To this end, I am pleased that, for the first time, the world will observe the “International Chernobyl Disaster Remembrance Day” which was part of the General Assembly Resolution on Chernobyl last December. I understand that Governments of the affected countries are organizing commemorative events here in New York, in their capitals, and in affected communities. 

The Governments of Belarus, Russia, and Ukraine, as well as local communities, civil society, and international partners, are to be commended for their many years of concerted efforts to improve the lives of people in communities affected by the disaster.  I have been privileged as UNDP Administrator to see this work for myself in Belarus, and to visit the Chernobyl site in Ukraine.

The leadership shown by the governments of the three affected countries has been a major factor in the success of the post-Chernobyl work.  Your commitment to working closely with international organizations has allowed us to promote integrated approaches to the sustainable development of the affected areas. This has also been reiterated in the 2016 Secretary-General’s report on Chernobyl. It is essential now to find innovative ways to work with local communities in affected areas to help advance their sustainable development and build their resilience. 

Eleven years have passed since UNDP assumed responsibility for co-ordination of all UN activities related to the Chernobyl accident. Since then, UNDP has led the promotion of developmental approaches to Chernobyl-related work with affected countries, people, and communities. I had the pleasure of co-ordinating this work from UNDP’s side for the last eight years. While today will be my last Chernobyl meeting as UNDP Administrator, I am pleased that UNDP will continue to lead the co-ordination of international co-operation activities and bring all stakeholders together in this inter-agency task force format, not only at headquarters level but also at country level where much work is underway. Later this morning, future plans will be presented by UN Resident Co-ordinators, UN Country Teams, and participants joining us from New York or from various capitals.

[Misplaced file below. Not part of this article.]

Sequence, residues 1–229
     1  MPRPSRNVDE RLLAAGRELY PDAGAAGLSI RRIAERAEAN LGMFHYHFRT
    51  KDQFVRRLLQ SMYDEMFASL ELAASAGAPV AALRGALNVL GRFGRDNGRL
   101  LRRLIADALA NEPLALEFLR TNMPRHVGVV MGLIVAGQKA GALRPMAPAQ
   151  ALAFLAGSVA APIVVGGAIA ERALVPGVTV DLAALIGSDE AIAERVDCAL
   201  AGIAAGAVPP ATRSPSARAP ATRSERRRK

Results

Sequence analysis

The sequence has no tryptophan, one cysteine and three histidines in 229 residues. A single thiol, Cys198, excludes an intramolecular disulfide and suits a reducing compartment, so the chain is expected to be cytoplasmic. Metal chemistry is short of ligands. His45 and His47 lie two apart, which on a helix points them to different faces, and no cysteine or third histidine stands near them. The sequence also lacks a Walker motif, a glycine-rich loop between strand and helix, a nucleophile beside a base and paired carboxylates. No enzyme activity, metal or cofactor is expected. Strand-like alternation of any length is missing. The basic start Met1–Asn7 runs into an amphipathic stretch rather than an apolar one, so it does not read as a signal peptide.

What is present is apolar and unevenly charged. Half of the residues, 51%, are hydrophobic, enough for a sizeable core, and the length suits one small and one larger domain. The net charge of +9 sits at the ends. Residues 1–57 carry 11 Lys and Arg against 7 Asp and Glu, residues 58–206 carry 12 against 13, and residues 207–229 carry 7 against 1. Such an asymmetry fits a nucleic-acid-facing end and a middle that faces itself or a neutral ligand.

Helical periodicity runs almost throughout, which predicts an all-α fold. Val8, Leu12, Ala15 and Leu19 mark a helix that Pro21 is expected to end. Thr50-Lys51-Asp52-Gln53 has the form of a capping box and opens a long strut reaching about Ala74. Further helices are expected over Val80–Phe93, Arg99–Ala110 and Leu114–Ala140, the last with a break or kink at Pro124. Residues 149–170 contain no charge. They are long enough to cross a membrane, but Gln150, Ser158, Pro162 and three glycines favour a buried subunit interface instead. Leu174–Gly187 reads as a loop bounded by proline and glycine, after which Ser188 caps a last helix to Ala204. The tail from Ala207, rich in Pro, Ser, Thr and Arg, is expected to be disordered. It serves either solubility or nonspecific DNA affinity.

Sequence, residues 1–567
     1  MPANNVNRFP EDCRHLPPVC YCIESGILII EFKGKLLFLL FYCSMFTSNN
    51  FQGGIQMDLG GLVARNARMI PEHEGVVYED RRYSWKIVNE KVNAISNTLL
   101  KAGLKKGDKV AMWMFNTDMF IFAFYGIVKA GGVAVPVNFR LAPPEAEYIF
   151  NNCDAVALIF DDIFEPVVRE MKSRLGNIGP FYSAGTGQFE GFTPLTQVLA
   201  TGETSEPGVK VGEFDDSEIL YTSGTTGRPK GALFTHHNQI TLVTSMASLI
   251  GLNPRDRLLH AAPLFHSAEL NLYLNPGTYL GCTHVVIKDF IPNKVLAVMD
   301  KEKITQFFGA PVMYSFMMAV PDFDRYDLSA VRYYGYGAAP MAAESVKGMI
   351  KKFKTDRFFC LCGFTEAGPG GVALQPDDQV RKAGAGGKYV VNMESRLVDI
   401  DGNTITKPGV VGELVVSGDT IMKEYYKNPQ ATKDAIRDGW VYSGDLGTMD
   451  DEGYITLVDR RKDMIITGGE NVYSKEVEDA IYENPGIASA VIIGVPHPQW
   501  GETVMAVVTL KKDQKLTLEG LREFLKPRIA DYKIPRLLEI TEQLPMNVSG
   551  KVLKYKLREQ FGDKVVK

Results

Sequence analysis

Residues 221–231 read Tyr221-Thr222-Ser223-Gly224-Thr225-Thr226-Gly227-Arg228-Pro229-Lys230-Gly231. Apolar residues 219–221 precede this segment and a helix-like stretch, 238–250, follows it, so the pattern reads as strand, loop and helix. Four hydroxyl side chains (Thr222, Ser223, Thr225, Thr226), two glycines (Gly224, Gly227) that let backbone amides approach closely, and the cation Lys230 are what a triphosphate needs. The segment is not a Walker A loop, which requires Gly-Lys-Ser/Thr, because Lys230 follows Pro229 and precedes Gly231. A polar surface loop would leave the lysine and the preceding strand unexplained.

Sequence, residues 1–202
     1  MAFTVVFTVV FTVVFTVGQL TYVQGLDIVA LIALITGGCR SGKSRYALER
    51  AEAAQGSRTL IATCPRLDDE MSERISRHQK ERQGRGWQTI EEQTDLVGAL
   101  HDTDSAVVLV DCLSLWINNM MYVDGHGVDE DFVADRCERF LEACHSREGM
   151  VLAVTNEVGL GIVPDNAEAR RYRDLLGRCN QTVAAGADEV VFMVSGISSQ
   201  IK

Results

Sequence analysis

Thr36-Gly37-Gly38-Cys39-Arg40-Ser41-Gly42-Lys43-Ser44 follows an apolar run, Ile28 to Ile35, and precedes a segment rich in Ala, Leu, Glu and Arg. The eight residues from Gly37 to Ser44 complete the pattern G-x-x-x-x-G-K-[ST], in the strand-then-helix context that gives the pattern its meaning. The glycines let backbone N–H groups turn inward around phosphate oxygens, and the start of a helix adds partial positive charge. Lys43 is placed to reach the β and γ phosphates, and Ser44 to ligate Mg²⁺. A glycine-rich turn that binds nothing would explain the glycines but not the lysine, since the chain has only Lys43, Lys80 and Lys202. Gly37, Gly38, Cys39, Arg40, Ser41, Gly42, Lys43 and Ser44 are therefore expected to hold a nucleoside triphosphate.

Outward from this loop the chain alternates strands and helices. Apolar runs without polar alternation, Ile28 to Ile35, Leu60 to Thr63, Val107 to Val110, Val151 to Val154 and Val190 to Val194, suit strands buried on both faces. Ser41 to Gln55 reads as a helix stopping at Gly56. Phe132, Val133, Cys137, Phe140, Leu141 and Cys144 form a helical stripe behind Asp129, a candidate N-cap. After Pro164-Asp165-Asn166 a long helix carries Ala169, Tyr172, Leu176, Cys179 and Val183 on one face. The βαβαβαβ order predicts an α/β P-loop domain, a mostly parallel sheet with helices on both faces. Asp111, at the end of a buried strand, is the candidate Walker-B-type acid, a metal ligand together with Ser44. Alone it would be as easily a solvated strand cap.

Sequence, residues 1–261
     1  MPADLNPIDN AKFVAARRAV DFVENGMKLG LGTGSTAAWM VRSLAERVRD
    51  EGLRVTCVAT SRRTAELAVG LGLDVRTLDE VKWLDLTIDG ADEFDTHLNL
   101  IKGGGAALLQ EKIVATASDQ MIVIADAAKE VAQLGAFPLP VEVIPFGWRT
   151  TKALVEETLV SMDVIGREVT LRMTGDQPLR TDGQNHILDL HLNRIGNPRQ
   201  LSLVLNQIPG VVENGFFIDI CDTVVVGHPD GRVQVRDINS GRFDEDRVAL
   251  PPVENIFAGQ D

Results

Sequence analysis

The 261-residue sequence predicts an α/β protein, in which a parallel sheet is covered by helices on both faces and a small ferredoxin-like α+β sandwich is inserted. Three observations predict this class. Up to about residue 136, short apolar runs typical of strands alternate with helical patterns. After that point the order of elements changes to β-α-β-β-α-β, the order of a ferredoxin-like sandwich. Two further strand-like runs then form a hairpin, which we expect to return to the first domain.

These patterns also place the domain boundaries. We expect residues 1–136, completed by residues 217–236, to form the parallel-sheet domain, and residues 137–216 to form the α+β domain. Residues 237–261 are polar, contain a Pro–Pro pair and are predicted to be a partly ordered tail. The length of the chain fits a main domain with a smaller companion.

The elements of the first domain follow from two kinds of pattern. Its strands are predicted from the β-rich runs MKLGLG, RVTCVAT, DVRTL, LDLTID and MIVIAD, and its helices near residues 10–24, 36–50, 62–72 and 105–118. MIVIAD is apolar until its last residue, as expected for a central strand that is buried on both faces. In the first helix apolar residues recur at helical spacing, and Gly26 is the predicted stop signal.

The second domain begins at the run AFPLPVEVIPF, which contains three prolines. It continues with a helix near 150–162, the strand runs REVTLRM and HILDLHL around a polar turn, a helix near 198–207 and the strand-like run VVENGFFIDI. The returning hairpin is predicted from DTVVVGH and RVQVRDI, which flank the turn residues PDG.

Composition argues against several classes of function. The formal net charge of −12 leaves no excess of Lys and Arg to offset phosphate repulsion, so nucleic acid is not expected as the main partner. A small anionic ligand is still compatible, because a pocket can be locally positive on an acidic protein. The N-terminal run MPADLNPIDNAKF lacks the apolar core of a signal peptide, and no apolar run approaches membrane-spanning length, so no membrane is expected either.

The ‘development approach’ to addressing the consequences of Chernobyl and other nuclear legacies is working. It has also been widely acknowledged that adopting localized solutions which affected communities themselves embrace as self-reliance and self-sufficiency strategies has been successful. Yet, despite the significant progress achieved, there is still work to  do to help affected regions and communities realize their full development potential.  

Recovery and development efforts around Chernobyl should be comprehensive, and should continue to transition from emergency responses to reviving inclusive social and economic development. They should also be anchored in Agenda 2030 and the seventeen Sustainable Development Goals. 

As Governments adapt the relevant SDGs to their local contexts, opportunities exist to further integrate and mainstream the Chernobyl priorities in medium and long term development strategies, plans and projects at the local level. No one should be left behind in overcoming the legacy of Chernobyl. 

To conclude, 2017 promises to be an important year of implementing and operationalizing the General Assembly resolutions on Chernobyl, and your participation in today’s meeting serves to advance that. 

The representatives of the governments of the most affected countries – Belarus, the Russian Federation and Ukraine, will now deliver statements. Thank you all once again for your kind attendance and for your commitment to international co-operation on the response to the many needs generated by the tragedy at Chernobyl.